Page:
Overload on the planning system

james armstrong james36armstrong at hotmail.com
Wed Sep 26 09:38:27 BST 2007

Overload on the planning and mortgage systems.

£175 :the cost of a daisy patch before planning application 

£56,250 :the same patch as a single building plot

£120,375  :the value to the bank  after the mortgage of £56,250 is repaid over 25 years

another (£120,000 plus)  :for  the mortgage (and repayment ratio) for the house built on this site 

(add repayments  on 2nd mortgages  taken out as house prices rise  which total £565biliion nationally)    compare with the current Public Sector Borrowing Requirement of £19.2 Billion for 2007.

multiply by 2,  the growth of house prices over the past seven years. (and again in the next 7?)

increase  this mortgage repayment debt as traditionally low interest rates climb.

multiply by 12million , the number of mortgages in UK 

This financial  construct is an incidental product of the present planning system which was not designed for that purpose and the predictable outcome of the explicit policy of Gordon Brown and the Bank of England in 1997 to 'growth in the economy' via the City financial sector fed by consumer debt based on rising house prices and High Street spending.
Rising house prices is the central  economic policy lever of Gordon Brown, the Treasury, the Bank of England and the mpc.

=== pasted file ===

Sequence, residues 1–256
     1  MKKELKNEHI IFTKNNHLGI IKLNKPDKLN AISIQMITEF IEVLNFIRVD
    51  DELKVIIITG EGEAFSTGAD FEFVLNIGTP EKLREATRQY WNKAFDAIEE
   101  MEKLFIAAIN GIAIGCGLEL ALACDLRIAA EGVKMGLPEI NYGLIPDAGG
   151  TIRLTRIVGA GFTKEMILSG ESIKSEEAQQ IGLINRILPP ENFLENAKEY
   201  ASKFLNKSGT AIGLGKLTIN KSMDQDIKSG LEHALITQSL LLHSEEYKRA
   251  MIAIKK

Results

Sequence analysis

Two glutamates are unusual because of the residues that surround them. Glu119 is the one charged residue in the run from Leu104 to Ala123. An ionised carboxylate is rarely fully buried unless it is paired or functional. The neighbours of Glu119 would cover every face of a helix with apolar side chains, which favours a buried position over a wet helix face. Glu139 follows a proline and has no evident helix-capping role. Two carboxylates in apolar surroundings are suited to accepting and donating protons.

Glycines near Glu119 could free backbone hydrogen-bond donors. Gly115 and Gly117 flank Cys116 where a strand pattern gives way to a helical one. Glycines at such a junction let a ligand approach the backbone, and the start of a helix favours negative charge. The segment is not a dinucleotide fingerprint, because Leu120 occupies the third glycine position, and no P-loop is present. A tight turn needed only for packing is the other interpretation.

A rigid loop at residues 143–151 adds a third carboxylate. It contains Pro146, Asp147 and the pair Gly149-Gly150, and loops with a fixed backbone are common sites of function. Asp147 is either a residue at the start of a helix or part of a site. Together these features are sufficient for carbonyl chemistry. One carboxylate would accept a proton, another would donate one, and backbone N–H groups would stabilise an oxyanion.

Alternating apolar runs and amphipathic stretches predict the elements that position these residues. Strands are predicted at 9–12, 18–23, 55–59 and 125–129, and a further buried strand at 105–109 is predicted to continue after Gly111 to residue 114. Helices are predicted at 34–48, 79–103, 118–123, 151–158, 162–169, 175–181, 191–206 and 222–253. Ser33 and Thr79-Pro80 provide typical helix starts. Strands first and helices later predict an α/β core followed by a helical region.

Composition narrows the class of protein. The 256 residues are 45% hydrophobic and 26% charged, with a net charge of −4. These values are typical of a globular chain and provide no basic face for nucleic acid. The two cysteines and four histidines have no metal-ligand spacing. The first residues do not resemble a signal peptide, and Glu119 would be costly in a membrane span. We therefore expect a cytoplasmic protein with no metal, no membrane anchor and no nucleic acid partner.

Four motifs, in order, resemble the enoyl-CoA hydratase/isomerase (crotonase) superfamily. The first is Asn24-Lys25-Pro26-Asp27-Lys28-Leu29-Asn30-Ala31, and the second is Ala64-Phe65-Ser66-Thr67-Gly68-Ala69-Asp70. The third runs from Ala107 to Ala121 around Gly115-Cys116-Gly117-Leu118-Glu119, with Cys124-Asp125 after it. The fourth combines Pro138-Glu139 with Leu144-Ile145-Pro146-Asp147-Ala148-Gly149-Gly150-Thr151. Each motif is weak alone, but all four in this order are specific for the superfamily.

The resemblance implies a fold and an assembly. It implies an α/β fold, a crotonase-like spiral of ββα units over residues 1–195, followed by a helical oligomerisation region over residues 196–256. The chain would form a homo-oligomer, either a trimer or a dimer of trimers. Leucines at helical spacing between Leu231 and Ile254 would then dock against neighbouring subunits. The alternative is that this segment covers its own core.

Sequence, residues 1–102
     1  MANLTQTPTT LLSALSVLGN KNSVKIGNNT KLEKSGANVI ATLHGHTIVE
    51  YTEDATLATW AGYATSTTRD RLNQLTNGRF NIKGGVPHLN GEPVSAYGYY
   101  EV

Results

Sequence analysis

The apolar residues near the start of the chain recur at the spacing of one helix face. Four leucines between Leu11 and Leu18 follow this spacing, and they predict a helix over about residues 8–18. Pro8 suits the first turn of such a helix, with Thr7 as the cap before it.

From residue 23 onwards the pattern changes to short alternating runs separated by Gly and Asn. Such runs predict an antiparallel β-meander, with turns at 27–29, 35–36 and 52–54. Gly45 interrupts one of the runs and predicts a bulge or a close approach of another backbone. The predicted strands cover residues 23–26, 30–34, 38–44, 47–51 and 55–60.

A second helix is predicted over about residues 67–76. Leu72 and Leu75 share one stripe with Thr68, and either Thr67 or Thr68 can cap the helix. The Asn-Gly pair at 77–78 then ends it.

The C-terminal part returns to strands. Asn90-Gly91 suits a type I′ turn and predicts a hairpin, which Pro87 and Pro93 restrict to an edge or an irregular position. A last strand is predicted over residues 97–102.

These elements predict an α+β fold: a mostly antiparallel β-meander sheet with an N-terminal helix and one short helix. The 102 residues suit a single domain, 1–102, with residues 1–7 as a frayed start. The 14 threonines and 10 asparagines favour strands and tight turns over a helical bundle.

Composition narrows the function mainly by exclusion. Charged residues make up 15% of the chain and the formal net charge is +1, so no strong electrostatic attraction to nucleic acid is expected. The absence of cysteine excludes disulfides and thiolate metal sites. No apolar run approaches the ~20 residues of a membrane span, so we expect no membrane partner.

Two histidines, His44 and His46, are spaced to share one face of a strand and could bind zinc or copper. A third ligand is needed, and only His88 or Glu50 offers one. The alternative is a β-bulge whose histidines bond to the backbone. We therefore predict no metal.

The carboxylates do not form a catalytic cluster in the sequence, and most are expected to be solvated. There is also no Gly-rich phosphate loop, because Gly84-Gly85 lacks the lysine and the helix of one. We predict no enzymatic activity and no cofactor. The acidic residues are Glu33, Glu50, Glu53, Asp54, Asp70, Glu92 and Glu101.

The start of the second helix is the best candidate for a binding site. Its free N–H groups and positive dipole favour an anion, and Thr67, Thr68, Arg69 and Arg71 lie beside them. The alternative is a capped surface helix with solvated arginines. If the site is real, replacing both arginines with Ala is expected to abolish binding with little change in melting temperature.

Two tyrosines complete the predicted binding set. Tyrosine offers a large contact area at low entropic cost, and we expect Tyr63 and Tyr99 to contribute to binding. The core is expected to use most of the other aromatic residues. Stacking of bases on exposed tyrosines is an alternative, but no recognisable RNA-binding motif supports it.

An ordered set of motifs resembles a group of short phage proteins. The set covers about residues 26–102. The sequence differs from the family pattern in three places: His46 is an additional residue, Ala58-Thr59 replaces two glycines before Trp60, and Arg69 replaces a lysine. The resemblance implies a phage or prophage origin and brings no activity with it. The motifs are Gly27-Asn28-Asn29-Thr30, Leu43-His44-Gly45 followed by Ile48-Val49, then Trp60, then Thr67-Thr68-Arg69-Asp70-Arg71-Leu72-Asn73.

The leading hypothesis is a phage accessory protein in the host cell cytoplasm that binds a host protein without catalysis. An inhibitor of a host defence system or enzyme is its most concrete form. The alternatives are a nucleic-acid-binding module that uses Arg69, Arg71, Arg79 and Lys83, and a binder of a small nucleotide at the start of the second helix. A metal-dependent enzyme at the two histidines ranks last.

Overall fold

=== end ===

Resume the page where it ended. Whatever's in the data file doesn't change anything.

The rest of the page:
It is also unsustainable (Lord Eddie George speech to Treasury Select Committee  20 Mar 07.)
It is unsupportable by the present  planning system.
It is premised by the ownership by a handful of developers principally seven giant housebuilding corporations of virtually all permissioned land in UK.
And can only flourish in UK  where  two thirds of land in UK is controlled by 189,000 families.
Measures to extend house ownership have been explicit government policy in UK since 1980's   
The construct needs amending at several points.
Upholding the competition law by punishing monopoly landbanking
Redirecting planning to address the needs of the house needy not those of the  financial sector 
And end rewarding landowners at the expense of vulnerable house needy people.   
Measures to reduce  the monopoly price charged for land for societal need for building houses 
Regulating  predatory and unlawful self attesting  mortgage lending
Ending culpable regulatory failure by FSA and OFT 
At a deeper level government ethics are questioned and constitutional reform suggested.     
James A

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